Obama inauguration draws attention to cellphone jamming (again)

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President Obama’s inauguration last month has brought cellphone jamming technology into the limelight, if that’s the word to use, once again. The Washington Post reports that Federal authorities were jamming cellphones left and right for the duration of the event, and now state and local authorities want to be grated the same leeway. As you probably know, cellphone jamming is highly illegal unless you’re the Feds with a special waiver.

The technology now mainly consists of sending a “barrage of energy that drowns out signals across multiple bands;” the police can also “scan and jam,” which seeks out suspicious signals rather than jamming everyone’s phone altogether.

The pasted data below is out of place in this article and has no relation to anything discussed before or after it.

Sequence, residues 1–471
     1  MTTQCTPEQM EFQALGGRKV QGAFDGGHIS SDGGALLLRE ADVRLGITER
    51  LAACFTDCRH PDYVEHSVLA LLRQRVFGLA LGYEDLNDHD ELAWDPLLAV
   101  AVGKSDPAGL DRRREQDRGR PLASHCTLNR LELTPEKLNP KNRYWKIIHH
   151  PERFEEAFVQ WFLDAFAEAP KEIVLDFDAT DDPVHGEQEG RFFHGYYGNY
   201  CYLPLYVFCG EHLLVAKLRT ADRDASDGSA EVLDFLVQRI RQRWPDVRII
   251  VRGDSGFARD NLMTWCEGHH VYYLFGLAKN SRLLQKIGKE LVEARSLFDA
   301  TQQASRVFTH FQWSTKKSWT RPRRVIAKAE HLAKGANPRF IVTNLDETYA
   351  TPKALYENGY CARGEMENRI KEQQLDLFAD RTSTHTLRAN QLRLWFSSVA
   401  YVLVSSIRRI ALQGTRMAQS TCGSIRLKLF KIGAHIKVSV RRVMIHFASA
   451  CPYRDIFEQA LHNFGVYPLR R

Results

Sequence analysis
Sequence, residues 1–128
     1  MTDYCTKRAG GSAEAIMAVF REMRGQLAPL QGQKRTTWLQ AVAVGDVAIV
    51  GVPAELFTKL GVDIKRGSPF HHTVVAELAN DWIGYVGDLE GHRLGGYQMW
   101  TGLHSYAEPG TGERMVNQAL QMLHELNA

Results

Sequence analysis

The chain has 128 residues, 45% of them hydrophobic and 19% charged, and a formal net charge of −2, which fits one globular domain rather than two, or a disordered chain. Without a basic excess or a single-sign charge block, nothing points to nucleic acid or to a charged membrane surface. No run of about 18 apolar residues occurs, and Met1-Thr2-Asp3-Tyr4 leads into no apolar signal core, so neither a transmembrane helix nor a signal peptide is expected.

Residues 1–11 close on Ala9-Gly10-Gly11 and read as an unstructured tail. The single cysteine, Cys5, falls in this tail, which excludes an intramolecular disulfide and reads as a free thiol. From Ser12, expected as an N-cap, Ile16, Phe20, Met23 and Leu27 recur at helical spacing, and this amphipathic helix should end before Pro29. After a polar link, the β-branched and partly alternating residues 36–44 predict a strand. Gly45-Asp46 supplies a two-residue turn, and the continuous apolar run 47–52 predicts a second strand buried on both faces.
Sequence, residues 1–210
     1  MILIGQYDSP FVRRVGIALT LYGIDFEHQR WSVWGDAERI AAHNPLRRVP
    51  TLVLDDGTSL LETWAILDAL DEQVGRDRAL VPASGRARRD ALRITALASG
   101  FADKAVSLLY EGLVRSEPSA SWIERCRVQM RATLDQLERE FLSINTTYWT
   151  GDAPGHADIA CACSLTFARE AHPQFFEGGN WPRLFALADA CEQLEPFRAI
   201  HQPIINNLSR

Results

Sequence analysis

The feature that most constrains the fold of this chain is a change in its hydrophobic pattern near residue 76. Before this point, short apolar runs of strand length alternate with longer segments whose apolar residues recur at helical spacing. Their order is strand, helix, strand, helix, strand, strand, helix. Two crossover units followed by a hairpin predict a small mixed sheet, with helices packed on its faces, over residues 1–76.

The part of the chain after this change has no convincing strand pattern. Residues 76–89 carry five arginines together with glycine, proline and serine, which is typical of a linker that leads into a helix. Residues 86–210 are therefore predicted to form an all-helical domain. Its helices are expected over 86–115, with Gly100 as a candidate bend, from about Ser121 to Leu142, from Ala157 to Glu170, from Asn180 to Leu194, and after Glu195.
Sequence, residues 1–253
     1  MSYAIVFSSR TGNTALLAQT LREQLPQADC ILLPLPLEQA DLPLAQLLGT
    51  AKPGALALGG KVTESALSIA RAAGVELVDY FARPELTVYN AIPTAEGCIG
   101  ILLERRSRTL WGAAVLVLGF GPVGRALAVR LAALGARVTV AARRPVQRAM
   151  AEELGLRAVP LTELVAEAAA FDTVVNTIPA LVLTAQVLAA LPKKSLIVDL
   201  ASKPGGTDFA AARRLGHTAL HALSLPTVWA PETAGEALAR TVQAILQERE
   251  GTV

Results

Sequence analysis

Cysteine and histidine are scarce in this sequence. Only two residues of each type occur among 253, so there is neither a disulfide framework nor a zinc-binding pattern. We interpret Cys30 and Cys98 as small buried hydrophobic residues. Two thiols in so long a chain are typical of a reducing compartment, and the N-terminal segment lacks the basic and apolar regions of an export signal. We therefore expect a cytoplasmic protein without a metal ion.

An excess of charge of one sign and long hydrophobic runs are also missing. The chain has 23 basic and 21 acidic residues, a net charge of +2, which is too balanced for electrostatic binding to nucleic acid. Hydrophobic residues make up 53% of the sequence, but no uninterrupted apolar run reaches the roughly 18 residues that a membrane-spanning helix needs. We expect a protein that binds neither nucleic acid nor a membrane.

Obviously you don’t want people jamming cellphones willy nilly, tempting as it may be to do on the 7 train while in Queens, because, you know, what if the one-in-a-million happens and you’re in a legitimate emergency? Less cut and dry: should state and local law enforcement be allowed to jam cellphones without having to a special permission. That is, should police on the street be equipped with jammers that they’d be able to use at their discretion? As pro-cop as I am, I don’t know if I want a couple of 23-year-old rookies with the ability to jam cellphones while they’re patrolling. That seems like that’d be ripe for abuse, no?

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